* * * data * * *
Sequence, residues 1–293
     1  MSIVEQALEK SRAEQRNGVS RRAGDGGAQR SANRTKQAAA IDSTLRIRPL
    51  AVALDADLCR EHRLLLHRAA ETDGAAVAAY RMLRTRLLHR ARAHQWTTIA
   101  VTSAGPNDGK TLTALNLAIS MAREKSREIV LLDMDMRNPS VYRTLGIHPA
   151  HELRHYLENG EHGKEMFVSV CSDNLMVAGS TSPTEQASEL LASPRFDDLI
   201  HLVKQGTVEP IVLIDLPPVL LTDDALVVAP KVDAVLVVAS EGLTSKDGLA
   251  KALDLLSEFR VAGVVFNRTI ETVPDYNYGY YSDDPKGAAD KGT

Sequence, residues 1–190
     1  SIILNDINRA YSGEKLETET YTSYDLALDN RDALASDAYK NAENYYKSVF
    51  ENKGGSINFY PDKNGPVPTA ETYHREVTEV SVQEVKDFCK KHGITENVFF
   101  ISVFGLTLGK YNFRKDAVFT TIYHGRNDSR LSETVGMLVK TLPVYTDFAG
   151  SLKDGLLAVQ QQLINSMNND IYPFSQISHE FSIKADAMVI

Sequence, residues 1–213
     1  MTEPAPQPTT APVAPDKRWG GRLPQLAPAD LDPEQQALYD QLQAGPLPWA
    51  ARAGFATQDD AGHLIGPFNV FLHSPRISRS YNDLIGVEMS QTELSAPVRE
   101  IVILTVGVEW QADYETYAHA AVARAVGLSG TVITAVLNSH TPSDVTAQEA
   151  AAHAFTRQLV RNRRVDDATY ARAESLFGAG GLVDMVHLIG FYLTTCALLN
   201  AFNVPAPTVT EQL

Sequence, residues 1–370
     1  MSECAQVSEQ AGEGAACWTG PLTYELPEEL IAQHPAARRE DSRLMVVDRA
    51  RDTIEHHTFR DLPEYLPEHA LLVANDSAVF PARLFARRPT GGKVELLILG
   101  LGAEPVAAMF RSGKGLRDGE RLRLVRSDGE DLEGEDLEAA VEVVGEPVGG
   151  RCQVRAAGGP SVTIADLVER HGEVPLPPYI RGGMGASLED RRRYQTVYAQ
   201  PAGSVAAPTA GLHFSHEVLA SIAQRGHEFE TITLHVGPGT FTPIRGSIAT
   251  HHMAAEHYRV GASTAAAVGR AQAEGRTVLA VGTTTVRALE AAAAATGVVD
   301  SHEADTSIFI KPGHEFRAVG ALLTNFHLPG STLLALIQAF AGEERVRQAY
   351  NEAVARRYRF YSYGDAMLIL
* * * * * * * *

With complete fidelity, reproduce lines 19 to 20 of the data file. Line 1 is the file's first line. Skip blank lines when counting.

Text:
Sequence, residues 1–370
     1  MSECAQVSEQ AGEGAACWTG PLTYELPEEL IAQHPAARRE DSRLMVVDRA